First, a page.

Structural complexity indices

Harvesting significantly reduced diameter complexity as assessed by the Gini coefficient (p = 0.0012), the Shannon index (p = 0.0039) and the standard deviation (p = 0.0002) (Table 3). Moreover, all three indices provided a logical and consistent ranking of diameter complexity, with the highest index values in the control, followed by the HRBA and then by the LRBA plots after harvesting (Table 3).
Table 3

Mean values for the Gini coefficient, the Shannon index and the standard deviation for diameter at breast height (dbh) and height data and for the Shannon index and the evenness index for species diversity before and after harvesting. Values are expressed as mean ± 1 standard deviation. Significant treatment differences with the control are shown with asterisks after the index value, with *p = 0.05–0.01, **p = 0.01–0.001 and ***p = <0.001, respectively. Significant harvesting impacts are mentioned in the text

 

Control

High residual basal area (HRBA)

Low residual basal area (LRBA)

Before

After

Before

After

Diameter complexity

 Gini coefficient

0.814 ± 0.020

0.811 ± 0.040

0.801 ± 0.041

0.804 ± 0.021

0.789 ± 0.020

 Shannon index

2.051 ± 0.147

1.833 ± 0.069*

1.773 ± 0.068**

1.793 ± 0.038**

1.655 ± 0.102***

 Standard deviation

25.085 ± 3.867

19.001 ± 4.354*

16.762 ± 2.834**

17.438 ± 1.696*

14.499 ± 1.036***

Height complexity

 Gini coefficient

0.214 ± 0.026

0.198 ± 0.028

0.207 ± 0.017

 Shannon index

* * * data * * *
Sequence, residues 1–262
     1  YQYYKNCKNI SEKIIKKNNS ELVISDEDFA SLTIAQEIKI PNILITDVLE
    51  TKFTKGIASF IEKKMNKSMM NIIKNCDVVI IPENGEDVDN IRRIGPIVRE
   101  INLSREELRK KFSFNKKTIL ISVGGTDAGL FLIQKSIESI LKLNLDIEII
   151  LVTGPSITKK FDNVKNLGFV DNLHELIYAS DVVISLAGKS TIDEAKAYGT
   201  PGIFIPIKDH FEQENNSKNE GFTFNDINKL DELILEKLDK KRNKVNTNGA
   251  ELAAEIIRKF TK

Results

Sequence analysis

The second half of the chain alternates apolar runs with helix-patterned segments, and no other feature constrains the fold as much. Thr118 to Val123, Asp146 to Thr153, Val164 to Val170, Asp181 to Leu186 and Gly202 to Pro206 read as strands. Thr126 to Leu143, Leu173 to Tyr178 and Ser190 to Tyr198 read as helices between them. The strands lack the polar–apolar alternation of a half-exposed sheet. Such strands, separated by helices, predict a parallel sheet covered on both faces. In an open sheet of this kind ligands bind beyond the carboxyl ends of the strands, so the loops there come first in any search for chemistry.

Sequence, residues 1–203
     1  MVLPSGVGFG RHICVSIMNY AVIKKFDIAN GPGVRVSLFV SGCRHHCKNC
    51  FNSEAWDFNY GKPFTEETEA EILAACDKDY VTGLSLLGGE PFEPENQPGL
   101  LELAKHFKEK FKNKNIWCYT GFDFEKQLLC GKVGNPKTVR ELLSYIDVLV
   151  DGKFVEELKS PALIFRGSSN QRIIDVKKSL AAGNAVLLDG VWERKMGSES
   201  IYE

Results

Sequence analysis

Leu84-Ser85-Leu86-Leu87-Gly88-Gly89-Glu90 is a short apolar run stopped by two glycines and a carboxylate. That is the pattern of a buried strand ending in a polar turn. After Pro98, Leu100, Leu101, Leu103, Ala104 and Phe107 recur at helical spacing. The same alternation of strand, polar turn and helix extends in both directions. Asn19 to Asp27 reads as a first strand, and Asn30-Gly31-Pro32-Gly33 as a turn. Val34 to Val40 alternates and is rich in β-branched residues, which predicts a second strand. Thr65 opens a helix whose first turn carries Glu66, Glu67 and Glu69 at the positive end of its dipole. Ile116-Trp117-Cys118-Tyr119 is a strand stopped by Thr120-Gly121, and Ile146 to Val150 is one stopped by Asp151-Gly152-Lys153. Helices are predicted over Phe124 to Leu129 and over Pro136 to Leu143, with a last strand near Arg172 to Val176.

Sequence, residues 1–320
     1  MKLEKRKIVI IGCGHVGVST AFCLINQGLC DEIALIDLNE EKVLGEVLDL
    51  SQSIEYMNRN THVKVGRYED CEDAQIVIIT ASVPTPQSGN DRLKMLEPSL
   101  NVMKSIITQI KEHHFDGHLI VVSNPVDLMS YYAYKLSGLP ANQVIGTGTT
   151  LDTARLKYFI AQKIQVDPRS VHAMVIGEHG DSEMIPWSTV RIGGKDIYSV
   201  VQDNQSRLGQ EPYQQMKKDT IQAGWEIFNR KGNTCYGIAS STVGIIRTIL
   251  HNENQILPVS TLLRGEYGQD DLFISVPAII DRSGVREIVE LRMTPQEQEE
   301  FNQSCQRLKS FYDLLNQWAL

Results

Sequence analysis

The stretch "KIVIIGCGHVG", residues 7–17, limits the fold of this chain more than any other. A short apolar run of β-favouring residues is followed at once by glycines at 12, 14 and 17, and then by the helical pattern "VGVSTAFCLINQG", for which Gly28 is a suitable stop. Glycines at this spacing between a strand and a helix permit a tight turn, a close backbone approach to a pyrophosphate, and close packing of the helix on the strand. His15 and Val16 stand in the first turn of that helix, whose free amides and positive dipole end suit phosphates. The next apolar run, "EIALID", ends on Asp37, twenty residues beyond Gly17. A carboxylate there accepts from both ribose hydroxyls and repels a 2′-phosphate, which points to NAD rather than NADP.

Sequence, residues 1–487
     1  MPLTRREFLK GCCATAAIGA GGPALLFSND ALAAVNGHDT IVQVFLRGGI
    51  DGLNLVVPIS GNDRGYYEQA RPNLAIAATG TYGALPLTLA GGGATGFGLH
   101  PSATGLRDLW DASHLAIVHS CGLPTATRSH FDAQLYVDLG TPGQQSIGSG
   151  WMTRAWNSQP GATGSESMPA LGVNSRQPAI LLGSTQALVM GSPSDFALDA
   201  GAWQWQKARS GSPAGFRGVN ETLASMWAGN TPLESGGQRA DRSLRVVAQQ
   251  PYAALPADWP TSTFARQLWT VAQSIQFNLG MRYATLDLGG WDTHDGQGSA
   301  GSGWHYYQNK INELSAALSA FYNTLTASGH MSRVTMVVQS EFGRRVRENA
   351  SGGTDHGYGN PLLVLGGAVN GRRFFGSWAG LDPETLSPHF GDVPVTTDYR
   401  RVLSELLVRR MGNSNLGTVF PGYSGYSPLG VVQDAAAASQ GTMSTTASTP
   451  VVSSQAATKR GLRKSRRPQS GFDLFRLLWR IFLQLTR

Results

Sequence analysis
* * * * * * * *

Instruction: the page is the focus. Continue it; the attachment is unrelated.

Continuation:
1.747 ± 0.172

1.458 ± 0.185*

1.457 ± 0.093*

 Standard deviation

7.973 ± 1.233

5.739 ± 1.378*

5.846 ± 0.549*

Tree species diversity

 Shannon index

1.888 ± 0.177

1.869 ± 0.206

1.979 ± 0.342

1.975 ± 0.316

 Evenness index

0.725 ± 0.043

0.717 ± 0.046

0.767 ± 0.070

0.765 ± 0.066

The Gini coefficient for diameter complexity was not significantly different between control and treated plots, while the Shannon index had already significantly higher values in the control plots before harvesting (see asterisks, Table 3). The significance of this difference became more pronounced for both HRBA and LRBA plots through harvesting (Table 3). The standard deviation showed the same pattern as the Shannon index (Table 3). Before harvesting, control plots had already a significantly higher complexity than the treated plots, but these differences were only slightly significant (Table 3). After harvesting, these differences became highly significant for both HRBA and LRBA plots.